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Maximum size : 5.5 cm

Sailfin Tetra - Crenuchus spilurus : Complete Fish Profile & Care Guide

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In the world of freshwater fish, the Sailfin Tetra (Crenuchus spilurus) is known for its timid nature and peaceful temperament. However, they may not be the best fit for a community tank due to their shy disposition. It would be ideal to keep these Tetras in groups of six or more individuals, preferably with non-aggressive Characids and smaller Loricariid or Callichthyid Catfishes. During mating season, adult males may become territorial; nonetheless, adequate decor that provides plenty of broken lines of sight should prevent physical damage from occurring. These Tetras are typically found dwelling in caves in their natural habitat, hence thriving better under dim lighting. In addition, floating vegetation and aquatic plant species that can survive under such conditions can also be added. The Sailfin Tetra has a stocky silver body with a black patch on the caudal peduncle. Males have orangy-red tips on their anal and dorsal fins, which females tend to lack. Their fin markings are similar to that of the Pearl Gourami.

Sailfin Tetra Photos

Sexual Dimorphism

Males and females of the Sailfin Tetra can be easily distinguished based on their physical characteristics. The males are significantly larger and possess more elaborate and extended dorsal and anal fins. During the breeding season, males display a vibrant and intense colouration, becoming territorial as they prepare to mate. In contrast, females are smaller in size, have rounder abdomens, and are not as flamboyant or brightly coloured as their male counterparts.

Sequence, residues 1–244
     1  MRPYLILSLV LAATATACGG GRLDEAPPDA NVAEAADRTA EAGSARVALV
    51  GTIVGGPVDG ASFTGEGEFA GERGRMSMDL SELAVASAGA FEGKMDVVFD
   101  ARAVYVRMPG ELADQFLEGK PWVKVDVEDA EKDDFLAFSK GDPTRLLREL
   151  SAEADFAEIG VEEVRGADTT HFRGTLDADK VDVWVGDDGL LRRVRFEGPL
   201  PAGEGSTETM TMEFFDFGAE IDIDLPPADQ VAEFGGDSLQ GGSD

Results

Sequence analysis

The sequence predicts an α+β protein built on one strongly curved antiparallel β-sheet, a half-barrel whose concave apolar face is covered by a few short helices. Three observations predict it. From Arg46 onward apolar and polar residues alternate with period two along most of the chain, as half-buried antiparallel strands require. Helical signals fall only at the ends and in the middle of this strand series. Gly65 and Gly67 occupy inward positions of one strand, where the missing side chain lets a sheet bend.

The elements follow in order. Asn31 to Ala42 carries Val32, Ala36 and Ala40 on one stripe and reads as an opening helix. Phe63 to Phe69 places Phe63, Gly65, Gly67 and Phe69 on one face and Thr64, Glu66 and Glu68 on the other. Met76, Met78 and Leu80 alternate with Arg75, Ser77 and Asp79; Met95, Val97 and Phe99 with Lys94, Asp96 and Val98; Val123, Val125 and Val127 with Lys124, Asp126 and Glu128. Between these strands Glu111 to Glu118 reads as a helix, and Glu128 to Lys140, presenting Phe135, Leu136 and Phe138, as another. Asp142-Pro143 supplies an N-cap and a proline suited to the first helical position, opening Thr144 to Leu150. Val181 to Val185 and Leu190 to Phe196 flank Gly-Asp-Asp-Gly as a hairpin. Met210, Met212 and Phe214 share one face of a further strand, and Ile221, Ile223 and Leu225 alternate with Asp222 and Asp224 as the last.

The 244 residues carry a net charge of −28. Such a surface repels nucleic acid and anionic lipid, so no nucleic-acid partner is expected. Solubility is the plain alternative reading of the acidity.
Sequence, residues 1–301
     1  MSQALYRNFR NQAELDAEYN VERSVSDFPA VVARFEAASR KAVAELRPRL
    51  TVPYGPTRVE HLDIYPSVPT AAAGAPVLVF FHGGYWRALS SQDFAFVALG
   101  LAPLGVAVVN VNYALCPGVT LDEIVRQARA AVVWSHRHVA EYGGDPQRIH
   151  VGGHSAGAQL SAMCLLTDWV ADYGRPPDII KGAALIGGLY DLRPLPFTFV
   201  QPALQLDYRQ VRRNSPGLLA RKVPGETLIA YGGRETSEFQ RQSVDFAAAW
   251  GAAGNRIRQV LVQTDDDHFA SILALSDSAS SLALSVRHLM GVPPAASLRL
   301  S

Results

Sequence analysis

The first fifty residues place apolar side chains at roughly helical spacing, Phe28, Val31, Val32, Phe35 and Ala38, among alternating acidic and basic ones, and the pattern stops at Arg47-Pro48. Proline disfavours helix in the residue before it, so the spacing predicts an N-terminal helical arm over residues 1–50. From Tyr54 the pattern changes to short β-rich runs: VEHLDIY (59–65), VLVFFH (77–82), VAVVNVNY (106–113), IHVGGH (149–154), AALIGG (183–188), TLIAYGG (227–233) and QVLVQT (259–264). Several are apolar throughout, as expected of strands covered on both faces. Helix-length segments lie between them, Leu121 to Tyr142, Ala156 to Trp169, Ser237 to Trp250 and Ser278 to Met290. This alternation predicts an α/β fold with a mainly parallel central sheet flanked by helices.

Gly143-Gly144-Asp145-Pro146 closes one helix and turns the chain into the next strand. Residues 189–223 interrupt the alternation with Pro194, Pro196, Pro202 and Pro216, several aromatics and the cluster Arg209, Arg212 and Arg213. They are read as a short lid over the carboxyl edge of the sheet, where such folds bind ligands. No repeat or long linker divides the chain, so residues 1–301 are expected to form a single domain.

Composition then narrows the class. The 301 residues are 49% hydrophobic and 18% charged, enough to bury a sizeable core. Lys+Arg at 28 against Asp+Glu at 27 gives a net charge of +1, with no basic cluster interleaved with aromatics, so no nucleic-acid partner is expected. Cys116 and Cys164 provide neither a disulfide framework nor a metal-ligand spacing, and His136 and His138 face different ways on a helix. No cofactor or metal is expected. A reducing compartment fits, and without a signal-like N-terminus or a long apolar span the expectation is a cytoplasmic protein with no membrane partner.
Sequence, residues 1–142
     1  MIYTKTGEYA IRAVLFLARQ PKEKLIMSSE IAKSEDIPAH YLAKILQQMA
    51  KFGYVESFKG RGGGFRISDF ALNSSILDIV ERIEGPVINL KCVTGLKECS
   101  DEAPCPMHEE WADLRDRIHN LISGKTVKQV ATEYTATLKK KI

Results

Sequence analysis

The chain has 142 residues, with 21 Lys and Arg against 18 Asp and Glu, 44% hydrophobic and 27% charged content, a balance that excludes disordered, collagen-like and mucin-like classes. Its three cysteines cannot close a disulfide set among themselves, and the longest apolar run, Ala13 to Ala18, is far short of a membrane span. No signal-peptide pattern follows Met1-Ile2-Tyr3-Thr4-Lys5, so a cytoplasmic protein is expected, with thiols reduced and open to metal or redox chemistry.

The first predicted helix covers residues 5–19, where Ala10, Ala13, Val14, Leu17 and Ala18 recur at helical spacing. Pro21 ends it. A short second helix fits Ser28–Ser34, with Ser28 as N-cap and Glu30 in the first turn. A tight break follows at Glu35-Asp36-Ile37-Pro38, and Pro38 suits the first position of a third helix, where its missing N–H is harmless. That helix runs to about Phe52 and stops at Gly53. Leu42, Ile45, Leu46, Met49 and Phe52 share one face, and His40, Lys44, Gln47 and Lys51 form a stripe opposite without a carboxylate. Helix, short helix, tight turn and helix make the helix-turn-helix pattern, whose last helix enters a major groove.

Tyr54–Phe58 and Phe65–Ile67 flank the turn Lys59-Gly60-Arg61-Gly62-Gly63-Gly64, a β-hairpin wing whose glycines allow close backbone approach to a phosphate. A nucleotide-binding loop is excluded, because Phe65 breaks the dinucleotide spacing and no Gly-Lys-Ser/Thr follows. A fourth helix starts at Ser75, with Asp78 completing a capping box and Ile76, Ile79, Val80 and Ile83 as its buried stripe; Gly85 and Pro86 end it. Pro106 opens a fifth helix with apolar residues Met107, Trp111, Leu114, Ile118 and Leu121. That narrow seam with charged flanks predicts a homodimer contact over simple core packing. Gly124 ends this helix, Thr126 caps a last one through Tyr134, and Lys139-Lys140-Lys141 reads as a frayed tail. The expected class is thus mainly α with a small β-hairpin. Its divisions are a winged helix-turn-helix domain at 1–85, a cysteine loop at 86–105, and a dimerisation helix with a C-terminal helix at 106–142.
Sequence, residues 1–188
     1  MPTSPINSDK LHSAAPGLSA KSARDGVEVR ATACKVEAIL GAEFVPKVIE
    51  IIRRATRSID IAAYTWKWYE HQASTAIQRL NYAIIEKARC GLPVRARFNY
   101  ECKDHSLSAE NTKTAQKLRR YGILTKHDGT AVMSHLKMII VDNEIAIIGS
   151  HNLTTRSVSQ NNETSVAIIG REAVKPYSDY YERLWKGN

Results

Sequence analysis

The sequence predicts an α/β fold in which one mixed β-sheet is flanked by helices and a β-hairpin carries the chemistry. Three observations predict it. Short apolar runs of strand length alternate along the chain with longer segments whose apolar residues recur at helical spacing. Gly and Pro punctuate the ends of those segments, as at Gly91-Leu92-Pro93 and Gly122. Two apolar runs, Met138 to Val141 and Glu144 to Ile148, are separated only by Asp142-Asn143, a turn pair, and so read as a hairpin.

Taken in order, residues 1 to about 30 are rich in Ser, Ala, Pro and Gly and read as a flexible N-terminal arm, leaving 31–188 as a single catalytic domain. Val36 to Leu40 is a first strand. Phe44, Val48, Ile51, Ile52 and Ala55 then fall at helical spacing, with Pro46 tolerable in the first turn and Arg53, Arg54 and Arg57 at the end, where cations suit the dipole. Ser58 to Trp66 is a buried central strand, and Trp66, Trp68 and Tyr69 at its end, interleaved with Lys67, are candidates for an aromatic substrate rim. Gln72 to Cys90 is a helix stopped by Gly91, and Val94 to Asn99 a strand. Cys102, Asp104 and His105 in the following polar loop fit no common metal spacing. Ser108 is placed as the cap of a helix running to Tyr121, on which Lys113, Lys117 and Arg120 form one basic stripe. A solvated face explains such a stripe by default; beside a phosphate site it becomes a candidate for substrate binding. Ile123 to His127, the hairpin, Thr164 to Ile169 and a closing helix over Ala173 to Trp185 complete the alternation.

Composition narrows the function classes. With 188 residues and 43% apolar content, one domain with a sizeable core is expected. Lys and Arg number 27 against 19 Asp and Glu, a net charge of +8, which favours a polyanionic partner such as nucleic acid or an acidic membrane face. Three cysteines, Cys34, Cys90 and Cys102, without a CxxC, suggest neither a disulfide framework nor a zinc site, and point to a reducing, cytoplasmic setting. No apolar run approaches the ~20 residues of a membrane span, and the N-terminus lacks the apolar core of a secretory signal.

Quick Facts

Scientific NameCrenuchus spilurus
Year Described1863
Other NamesNone
OriginsGuyana Suriname
Max Size5.5 cm
Aquarium LevelBottom - Middle
DifficultyIntermediate - Advanced
Best kept asGroups 6+
Lifespanup to 5 years

Water Parameters

Water TypeFreshwater
PH4.5 - 6.5
GH1 - 5
TDS18 - 90
68 - 82
20 - 27.8

Natural habitat

The Sailfin Tetra, a captivating species, is widely distributed across the Amazon and Orinoco basins, as well as the coastal rivers of Guyana, Suriname, and French Guiana in South America. In the wild, these fish are often found in minor tributaries and forest streams, where they seek shelter in the overhanging riparian vegetation during periods of high water. Their natural habitats are also known for having water that is stained with tannins due to decomposing organic matter, providing a unique and natural environment for these fish to thrive in. So, if you're looking to create an Amazonian-inspired aquarium, the Sailfin Tetra would be an excellent addition to your tank.
 Orinoco - Venezuela
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How to breed the Sailfin Tetra

Sailfin Tetras are known to form temporary pairs during the spawning season, and they tend to choose small caves or leaf litter as their breeding sites. Males take sole responsibility for the eggs and the care of the brood. In the wild, male Sailfin Tetras build small caves at the centre of their temporary territories, often using leaf litter. You may provide any suitable structure for their breeding site in an aquarium. The male then attracts females with dazzling fin displays and guides them into the cave to lay their eggs on the roof. Although inexperienced males may eat their first few clutches, it is advisable not to remove the eggs and hatch them artificially, as the presence of the male seems crucial for success. The eggs usually take around 36 to 48 hours to incubate, and the fry initially feeds off their yolk sac. They become free-swimming around 4 to 6 days after hatching, and the male continues to protect them carefully during this time. You can offer the fry infusoria, newly hatched brine shrimp and microworms for their diet. It is possible to leave the parents with the fry as they are generally safe, but observing them for any signs of predation is important.

Diet & feeding

In their natural habitats, Sailfin Tetras are known to feed primarily on small terrestrial and aquatic invertebrates, as well as other forms of zooplankton. In the home aquarium, these fish can be maintained on a diet consisting of good quality dried foods, such as flakes or granules, provided they are of a suitable size. However, to ensure their optimal health, offering them daily servings of small frozen and live foods such as daphnia, bloodworm, artemia nauplii, grindal worm, and Moina is highly recommended.

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